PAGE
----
Linus Van Pelt of the Peanuts once said that there are three things you never talk about at the dinner table: religion, politics, and the Great Pumpkin. Granted Linus was saying its best to not ruffle feathers when family travels from long distances for holidays. But this general maxim holds true in the office as well. Keep your opinions about the President, Congress, and other political figures to yourself. Office politics, however, are inevitably going to be part of your daily routines.
Several anonymous Facebook employees told CNBC in January that the company’s review system related to raises and promotions is rigged towards those who fake happiness and push out new features on the platform without fully vetting them. The company uses peer reviews, which forces workers to hang out with fellow employees outside of work hours even if they don’t really like each other. It’s these types of office politics that can make you absolutely miserable at work and/or force you to find a new place of employment.Here are a few tips to give yourself an advantage in the office rat race.
We’ve all been there before - taking a seat on the comfy office break room furniture only to get caught in the middle of a [inappropriate] conversation about a co-worker. You likely have some grievances you'd like to air about said co-worker with the others. But the temptation ultimately leads to appointments with Human Resources trying to save your job.
The best remedy for office gossip is learning trigger language that leads to these unprofessional conversations. That way you can remove yourself from the situation before it starts. One of the easiest queues is a co-worker asking you "can you keep a secret?" Its best to simply say that you are not the best at keeping secrets. Another option is to change the subject altogether. Acknowledge what the gossip starter said and divert to something related to the subject.
Once the cat is out of the bag and you're told information that shouldn't be repeated, simply don't repeat it. All you'll do is dig yourself deeper into a situation that could have been avoided altogether.
When you landed your job, you were happy with the salary, the benefits, and the opportunity to showcase your talents. It also presented a great opportunity to meet like-minded people who could challenge and make you a better developer, consultant, or whatever your job is.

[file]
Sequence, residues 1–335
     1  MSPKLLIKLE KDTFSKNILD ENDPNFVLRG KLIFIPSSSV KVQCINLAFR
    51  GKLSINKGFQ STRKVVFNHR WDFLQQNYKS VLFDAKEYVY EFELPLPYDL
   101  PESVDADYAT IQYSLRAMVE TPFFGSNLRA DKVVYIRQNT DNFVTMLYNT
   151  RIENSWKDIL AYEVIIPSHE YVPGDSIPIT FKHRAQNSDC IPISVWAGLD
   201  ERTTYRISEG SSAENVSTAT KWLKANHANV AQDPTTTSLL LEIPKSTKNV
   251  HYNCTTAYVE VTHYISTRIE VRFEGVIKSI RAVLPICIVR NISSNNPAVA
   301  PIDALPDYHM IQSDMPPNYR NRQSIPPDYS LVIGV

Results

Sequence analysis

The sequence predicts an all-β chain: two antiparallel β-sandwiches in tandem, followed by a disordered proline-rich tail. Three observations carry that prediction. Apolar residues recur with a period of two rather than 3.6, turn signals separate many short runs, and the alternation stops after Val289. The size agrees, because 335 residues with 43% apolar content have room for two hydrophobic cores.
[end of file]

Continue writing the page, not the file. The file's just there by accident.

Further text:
Once you graduate from college and/or high school, a vast majority of new friends are made at work, according to various studies. But the friends you make should have as much or more to lose at work than you do. Don't hang out with entry-level mailroom clerks if you are the manager of your department. This may sound snobbish, but its also very practical. Many companies have formal policies against fraternization. Further, your life has gotten better overall because of your salary and benefits, not the social aspects of work.
Don't take unnecessary, avoidable risks. The only people you should actively court as friends at work are those who can help you reach your full potential and perhaps keep you on track for promotions and raises.
Every morning you see the same group of women from the marketing department walk down to the cafeteria and come back with their morning coffee. Meanwhile you notice three of the company's 10 engineers all eat lunch together and leave behind the others. Its these relationships that are key to understanding who gets along with who, and the people who don't necessarily like each other.
The observations you make about these cliques determine your level of engagement with said individuals. Some of the cliques are based on true friendship; others are based on romance or necessity. Of course some co-workers hang out together a lot because their jobs are mutually dependent. Understanding these relationships will help you discover who is in-charge of said groups, if its a bullying-type situation, or something worse that is best avoided.
Office politics are part of the job. But it is not part of your life. Keep your distance and be selective with workplace communications that are not vital to operations.